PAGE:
Quebec, which has become the epicentre of the forest fires that are engulfing much of Canada, expects to have to evacuate thousands more people in the coming hours, said Wednesday the premier of the province.
In total, more than 11,000 Quebecers have already had to leave their homes, and the French-speaking province is preparing to evacuate an additional 4000,<> people.
A hundred fires out of control
After Alberta and Nova Scotia, it is the turn of Quebec to be hit by fires "never seen": 150 fires are currently active, including a hundred considered out of control. And no heavy rain is expected until Monday night. "With the numbers we currently have, we can cover about 40 fires at the same time but there are 150 active," said Quebec Premier François Legault. "We need to focus on the places where it's most urgent," he continued.
Quebec has deployed hundreds of people on the ground. With international help, including the hundred firefighters from France who are expected to arrive by Friday, the province hopes to increase its workforce to 1200 people. The question of equipment and manpower will be crucial in the coming days, the authorities acknowledge. "The more time goes on, the more challenges there are going to be on the driver and mechanic side. There is an issue on this side, "pointed François Legault.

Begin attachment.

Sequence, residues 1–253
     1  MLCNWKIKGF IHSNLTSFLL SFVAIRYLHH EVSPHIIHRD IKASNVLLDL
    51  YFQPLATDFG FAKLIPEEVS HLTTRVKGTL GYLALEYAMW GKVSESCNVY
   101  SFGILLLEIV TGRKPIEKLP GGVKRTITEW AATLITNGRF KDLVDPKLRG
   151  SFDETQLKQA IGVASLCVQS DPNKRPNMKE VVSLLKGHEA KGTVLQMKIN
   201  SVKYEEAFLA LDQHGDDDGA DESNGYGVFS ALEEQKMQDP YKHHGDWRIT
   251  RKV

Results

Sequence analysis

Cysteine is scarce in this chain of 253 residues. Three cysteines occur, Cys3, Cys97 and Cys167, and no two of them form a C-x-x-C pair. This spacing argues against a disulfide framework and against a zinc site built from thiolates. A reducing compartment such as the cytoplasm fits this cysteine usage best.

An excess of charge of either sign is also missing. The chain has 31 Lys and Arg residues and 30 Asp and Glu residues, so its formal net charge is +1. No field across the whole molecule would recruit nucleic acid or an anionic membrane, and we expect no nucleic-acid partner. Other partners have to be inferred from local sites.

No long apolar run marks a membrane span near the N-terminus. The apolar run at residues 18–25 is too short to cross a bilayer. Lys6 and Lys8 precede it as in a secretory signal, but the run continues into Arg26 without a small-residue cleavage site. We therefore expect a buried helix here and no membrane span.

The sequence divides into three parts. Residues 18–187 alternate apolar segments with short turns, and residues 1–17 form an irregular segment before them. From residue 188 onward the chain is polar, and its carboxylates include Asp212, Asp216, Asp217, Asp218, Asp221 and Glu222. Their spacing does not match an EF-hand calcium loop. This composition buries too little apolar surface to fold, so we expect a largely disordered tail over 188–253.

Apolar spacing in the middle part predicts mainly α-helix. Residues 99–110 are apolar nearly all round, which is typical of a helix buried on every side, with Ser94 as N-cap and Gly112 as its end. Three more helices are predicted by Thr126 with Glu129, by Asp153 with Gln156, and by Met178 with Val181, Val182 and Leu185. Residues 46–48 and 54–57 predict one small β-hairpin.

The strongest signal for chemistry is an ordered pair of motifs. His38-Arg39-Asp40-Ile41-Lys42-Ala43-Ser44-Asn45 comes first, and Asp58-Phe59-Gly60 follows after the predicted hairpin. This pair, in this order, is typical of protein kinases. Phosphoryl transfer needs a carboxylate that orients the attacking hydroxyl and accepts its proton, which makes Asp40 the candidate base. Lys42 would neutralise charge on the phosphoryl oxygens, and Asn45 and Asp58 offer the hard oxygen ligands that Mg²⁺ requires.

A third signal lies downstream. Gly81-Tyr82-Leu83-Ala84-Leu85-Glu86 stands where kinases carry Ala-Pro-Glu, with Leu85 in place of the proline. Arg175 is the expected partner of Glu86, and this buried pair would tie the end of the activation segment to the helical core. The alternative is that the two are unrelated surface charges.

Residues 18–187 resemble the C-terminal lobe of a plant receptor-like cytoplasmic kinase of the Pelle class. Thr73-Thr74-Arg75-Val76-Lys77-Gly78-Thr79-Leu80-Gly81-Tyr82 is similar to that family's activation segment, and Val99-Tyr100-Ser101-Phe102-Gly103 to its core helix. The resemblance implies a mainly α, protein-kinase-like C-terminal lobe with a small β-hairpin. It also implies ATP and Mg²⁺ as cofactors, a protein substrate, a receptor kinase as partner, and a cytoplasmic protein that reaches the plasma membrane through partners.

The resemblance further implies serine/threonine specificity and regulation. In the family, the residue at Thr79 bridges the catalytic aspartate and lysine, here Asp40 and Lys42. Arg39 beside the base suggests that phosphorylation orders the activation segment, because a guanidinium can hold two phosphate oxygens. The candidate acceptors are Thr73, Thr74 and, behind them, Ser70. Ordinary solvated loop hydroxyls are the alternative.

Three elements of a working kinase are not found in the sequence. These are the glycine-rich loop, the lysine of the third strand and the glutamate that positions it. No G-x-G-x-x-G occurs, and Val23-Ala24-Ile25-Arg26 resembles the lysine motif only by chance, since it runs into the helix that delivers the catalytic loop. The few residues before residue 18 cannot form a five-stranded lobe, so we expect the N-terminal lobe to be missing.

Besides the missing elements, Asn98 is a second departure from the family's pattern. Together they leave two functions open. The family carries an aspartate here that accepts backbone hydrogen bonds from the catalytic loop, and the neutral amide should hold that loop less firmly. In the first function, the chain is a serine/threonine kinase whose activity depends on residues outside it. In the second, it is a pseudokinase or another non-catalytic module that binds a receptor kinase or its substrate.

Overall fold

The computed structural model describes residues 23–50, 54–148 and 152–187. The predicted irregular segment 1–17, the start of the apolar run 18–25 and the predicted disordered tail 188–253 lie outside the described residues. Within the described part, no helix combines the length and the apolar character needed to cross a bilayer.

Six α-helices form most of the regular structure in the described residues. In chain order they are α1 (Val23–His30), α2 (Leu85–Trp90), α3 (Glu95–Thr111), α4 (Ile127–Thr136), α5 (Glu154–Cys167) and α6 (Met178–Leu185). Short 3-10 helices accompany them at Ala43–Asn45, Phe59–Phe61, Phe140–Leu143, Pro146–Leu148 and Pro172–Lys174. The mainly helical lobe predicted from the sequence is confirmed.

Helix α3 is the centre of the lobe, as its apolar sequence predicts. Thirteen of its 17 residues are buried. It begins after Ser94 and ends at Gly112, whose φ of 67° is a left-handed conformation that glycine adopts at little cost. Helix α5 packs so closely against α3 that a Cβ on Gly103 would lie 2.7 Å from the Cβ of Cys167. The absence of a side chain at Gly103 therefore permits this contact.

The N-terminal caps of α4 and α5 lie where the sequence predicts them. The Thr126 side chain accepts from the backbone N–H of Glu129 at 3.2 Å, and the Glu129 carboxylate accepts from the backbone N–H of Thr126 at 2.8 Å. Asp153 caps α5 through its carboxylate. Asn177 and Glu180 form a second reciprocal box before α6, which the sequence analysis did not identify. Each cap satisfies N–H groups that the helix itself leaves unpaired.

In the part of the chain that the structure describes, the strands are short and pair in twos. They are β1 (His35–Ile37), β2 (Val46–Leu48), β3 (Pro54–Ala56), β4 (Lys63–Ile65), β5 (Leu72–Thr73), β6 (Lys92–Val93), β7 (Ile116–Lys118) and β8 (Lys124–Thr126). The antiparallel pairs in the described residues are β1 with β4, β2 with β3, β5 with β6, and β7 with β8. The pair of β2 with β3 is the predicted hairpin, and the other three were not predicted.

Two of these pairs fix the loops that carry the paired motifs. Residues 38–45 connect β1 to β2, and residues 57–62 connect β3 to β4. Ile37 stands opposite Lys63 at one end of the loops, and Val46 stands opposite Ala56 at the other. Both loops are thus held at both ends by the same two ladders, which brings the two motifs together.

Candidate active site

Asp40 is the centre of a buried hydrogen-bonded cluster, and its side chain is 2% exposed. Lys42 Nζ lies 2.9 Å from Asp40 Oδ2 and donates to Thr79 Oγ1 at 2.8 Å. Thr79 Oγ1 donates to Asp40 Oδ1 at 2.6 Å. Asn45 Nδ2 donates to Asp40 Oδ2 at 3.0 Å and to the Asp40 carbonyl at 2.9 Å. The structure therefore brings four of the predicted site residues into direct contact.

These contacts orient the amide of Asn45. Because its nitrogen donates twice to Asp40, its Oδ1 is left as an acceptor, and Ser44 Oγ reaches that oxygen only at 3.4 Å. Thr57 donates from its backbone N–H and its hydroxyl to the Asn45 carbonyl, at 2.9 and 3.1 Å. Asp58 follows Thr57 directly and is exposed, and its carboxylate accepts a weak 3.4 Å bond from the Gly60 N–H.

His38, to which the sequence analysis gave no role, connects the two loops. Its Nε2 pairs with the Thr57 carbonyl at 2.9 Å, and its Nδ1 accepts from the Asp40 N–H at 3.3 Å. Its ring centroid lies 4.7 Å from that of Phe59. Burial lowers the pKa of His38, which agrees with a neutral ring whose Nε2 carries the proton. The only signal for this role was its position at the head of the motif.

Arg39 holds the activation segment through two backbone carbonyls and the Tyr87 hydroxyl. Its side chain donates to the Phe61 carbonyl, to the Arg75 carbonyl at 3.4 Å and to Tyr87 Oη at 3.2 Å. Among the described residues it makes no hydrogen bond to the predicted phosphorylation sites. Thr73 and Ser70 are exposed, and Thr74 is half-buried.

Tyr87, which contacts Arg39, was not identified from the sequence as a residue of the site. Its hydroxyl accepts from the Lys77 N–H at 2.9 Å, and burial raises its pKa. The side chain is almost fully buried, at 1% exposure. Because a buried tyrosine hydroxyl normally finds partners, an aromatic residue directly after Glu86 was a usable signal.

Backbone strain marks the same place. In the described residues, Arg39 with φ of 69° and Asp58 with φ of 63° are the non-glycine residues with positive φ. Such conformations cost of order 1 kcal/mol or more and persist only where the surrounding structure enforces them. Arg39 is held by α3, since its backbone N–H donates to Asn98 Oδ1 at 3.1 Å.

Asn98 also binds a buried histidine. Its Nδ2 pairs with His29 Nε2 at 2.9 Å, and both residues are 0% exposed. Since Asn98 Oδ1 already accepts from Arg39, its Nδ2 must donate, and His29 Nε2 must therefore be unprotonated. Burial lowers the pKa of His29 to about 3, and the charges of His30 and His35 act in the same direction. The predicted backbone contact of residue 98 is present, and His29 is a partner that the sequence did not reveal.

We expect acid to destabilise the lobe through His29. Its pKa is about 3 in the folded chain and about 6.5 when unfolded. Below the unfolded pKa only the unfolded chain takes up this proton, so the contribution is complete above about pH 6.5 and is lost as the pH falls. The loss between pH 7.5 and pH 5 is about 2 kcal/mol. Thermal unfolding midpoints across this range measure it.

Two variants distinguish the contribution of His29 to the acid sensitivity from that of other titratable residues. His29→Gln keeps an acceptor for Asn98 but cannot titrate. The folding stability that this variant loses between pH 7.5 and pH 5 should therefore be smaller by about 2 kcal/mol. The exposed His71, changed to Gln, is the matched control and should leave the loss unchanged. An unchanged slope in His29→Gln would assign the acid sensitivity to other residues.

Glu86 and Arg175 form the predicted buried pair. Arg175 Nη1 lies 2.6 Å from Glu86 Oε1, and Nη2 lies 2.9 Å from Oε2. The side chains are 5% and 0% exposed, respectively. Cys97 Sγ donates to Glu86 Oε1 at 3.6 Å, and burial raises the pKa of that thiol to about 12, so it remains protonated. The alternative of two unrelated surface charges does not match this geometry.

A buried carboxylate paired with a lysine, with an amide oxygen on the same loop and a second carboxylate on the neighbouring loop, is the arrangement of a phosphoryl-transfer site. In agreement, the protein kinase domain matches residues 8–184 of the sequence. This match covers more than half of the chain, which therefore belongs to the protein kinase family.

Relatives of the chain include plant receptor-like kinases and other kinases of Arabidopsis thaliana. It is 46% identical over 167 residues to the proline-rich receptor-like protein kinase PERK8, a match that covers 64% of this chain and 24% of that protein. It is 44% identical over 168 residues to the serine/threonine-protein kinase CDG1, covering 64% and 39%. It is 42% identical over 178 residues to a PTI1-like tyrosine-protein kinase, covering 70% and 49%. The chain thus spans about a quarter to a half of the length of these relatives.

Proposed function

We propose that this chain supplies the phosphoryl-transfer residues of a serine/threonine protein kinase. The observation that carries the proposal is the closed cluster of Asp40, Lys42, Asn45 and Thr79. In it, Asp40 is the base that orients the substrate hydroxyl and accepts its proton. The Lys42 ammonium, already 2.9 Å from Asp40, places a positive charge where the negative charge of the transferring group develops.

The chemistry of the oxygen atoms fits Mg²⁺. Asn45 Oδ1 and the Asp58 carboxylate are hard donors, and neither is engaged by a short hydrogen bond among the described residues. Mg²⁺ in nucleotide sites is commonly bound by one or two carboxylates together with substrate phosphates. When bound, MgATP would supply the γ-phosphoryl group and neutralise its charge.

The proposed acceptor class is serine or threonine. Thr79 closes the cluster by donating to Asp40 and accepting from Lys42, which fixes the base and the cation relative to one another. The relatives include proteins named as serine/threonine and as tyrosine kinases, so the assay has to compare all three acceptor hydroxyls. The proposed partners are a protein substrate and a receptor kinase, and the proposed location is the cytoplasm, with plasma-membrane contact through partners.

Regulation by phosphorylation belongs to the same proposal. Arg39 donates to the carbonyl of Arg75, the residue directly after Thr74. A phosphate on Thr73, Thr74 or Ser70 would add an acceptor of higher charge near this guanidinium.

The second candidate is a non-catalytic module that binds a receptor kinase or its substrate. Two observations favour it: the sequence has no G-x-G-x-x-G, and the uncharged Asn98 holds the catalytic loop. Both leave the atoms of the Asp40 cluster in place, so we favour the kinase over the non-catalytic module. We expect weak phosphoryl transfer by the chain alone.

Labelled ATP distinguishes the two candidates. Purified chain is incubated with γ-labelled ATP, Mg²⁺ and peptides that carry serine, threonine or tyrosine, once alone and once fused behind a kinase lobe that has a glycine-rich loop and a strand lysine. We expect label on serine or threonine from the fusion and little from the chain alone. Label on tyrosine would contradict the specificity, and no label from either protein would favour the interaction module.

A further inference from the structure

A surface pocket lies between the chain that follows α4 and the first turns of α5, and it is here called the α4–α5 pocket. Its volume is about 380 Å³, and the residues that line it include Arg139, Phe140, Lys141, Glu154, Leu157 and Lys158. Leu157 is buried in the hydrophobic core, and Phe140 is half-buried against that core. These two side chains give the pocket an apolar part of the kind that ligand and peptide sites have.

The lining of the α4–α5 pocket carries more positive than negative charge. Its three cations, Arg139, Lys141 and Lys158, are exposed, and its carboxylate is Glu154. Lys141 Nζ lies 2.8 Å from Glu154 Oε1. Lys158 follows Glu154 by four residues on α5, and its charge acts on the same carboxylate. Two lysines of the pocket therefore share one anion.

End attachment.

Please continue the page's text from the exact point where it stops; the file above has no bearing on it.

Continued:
See alsoFires in Canada: after the west, why is the east of the country affected by violent fires?
Since the beginning of the year, the French-speaking province has recorded 438 fires, compared to an average of 200 on the same date over the past ten years. The situation is also considered exceptional by the authorities in terms of the number of hectares burned at this time of year. Canada as a whole is experiencing an unprecedented year: 2293 forest fires were recorded and approximately 3.8 million hectares burned, a total well above the average of recent decades.
The country, which is warming faster than the rest of the planet because of its geographical location, has been confronted in recent years with extreme weather events whose intensity and frequency are increased by climate change. In a few days, the fires have degraded air quality on a large scale: the capital Ottawa, like Toronto, and across the border, New York, are caught in a grayish haze, dangerous especially for children and the elderly. In Washington, a pungent smell was felt under a cloudy sky despite sunny weather.